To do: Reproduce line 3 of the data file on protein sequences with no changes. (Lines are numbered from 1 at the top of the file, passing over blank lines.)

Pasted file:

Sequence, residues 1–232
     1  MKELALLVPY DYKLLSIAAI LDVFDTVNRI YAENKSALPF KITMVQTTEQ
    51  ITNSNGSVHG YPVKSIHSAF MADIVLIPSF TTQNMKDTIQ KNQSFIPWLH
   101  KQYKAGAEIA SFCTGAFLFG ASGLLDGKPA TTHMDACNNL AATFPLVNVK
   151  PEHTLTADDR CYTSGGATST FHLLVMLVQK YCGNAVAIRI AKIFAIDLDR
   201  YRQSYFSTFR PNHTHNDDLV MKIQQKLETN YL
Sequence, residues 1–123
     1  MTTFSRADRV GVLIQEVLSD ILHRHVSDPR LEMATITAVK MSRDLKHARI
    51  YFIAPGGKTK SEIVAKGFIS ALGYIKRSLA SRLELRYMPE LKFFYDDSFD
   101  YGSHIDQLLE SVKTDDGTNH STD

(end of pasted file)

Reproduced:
    51  ITNSNGSVHG YPVKSIHSAF MADIVLIPSF TTQNMKDTIQ KNQSFIPWLH